• We are getting sleep and limiting stress.  Fall tends to be a time of burnout, so we are very conscious of this right now. Although our schedule is a bit nutty, we are intentional with our time and carving out dedicated time every day to be in nature or relaxing on the couch. This time is sacred and non-negotiable.  Whether it’s a few hours or merely some minutes, we fully embrace and enjoy this time.
  • Limiting blue light. This is a HUGE one, especially right now with all things virtual.  Blue light is awful for our brains and it prevents us from making melatonin, that magical sleep neurotransmitter.  We are all exposed to so much blue light from our computers and phones.  We aren’t intended to be exposed to this much blue light and it is especially important to limit or avoid it after sunset and before sunrise in order to support our natural circadian rhythm.  Here are ways to set limits:  Most phones have a blue light filter. You can keep it on all the time and you can also set a timer for it to filter even more blue light out later in the evening.  Get blue light blocking glasses (there are many choices, but look for a pair that has an obvious tint to the lenses and you should be fine).  I have a pair with a very light tint that I often wear during daytime computer work and then I have a pair with orange-ish lenses that I pop on if I am ever on the computer or looking at my phone late at night or early morning.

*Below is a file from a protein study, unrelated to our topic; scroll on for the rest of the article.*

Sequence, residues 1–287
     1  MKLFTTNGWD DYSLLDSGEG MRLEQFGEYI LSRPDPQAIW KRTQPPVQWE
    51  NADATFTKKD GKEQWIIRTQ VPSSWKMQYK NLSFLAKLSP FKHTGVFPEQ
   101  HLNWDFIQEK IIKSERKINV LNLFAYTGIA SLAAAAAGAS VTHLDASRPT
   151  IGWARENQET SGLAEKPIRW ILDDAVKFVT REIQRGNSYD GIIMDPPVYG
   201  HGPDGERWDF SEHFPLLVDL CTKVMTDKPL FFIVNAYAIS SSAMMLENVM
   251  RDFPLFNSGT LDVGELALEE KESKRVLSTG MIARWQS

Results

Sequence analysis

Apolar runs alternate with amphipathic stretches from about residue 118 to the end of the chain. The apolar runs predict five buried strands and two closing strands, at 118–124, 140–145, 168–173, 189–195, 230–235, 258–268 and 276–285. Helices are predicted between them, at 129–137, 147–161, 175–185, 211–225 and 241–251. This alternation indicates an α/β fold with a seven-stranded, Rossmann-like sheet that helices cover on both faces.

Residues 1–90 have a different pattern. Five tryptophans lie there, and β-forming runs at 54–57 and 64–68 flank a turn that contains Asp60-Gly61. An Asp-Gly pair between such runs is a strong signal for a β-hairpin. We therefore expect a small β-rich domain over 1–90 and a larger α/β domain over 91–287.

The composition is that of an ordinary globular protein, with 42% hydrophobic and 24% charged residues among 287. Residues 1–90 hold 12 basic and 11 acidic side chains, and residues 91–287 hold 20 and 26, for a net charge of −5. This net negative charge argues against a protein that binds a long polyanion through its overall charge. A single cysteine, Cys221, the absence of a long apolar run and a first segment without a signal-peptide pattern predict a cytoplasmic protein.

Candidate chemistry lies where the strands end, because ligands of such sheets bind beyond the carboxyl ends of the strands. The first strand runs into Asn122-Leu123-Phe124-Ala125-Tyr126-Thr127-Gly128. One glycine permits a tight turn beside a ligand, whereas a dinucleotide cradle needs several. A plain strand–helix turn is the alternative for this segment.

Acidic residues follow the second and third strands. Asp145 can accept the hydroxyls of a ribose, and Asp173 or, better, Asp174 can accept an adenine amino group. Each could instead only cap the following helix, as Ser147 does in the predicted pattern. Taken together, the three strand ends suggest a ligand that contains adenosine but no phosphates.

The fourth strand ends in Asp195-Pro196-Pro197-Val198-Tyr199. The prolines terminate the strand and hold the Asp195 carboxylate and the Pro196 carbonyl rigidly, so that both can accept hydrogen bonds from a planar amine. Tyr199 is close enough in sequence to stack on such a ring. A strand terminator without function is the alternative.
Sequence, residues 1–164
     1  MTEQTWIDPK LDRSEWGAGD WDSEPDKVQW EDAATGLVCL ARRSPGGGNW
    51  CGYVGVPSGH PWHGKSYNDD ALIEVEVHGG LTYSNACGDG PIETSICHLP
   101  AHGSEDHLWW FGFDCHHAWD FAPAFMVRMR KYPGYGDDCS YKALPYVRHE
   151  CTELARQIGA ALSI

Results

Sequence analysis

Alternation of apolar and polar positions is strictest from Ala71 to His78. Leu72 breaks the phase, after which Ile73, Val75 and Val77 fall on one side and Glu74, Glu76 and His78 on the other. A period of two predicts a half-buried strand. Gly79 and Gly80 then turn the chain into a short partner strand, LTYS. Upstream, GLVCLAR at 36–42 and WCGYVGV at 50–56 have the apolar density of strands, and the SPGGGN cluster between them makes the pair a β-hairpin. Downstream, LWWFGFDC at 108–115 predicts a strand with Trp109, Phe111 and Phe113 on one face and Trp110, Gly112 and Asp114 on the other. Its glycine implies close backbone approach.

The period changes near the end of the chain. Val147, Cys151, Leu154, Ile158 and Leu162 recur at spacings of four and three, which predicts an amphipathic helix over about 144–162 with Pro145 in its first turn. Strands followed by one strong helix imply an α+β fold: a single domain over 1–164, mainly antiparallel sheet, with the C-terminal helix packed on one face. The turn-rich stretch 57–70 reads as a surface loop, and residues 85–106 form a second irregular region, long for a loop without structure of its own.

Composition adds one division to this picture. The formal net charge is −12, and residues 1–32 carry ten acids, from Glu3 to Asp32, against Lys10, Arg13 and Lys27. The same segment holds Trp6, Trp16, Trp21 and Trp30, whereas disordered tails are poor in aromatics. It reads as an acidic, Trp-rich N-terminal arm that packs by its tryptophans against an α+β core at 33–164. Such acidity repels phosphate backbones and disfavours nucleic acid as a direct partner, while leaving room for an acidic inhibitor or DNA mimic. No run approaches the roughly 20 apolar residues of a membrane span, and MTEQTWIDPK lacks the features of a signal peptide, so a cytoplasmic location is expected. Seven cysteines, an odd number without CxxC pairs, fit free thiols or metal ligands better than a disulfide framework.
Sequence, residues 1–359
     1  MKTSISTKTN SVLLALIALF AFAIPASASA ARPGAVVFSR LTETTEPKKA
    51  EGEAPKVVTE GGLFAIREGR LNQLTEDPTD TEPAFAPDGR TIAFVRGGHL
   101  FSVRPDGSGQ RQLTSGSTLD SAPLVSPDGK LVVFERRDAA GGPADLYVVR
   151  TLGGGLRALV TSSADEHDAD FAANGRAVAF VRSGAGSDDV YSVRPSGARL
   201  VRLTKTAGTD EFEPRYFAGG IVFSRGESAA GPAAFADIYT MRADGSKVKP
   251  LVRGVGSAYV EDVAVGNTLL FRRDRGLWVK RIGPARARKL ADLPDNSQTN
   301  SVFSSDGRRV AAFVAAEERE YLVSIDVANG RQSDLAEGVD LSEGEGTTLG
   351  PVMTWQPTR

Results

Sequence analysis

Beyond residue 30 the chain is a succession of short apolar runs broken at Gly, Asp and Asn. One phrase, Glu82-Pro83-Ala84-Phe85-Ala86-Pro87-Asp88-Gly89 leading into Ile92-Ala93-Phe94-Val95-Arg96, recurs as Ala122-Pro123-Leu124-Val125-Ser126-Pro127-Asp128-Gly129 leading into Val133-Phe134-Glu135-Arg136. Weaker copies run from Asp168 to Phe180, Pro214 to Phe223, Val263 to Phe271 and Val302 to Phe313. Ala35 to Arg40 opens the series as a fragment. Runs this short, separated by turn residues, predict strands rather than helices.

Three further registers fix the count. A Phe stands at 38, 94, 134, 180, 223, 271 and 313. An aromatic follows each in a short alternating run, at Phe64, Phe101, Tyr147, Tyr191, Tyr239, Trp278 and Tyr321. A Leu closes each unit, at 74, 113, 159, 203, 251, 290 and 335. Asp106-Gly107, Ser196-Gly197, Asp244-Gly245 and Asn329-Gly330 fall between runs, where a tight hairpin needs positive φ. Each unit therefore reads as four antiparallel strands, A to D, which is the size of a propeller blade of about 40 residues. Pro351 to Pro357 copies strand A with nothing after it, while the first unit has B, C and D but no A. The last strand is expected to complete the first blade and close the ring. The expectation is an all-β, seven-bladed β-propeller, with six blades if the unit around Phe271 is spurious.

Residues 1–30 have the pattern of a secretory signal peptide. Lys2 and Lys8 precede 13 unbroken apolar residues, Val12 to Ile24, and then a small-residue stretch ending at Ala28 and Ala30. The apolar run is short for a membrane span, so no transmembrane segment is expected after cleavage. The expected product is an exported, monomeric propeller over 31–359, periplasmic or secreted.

• Last and most important—gratitude.  We make time to be thankful each and every day. Being in a state of gratitude literally prevents you from feeling negative emotions. It’s so important to find things to be grateful for as it can be very easy to slip into fear, anger and anxiety during a time of such uncertainty and in an election year!

I hope these tips help you focus on building your terrain, empowering you to have a sense of control of your health during this time!

As always, feel free to reach out with any comments and questions.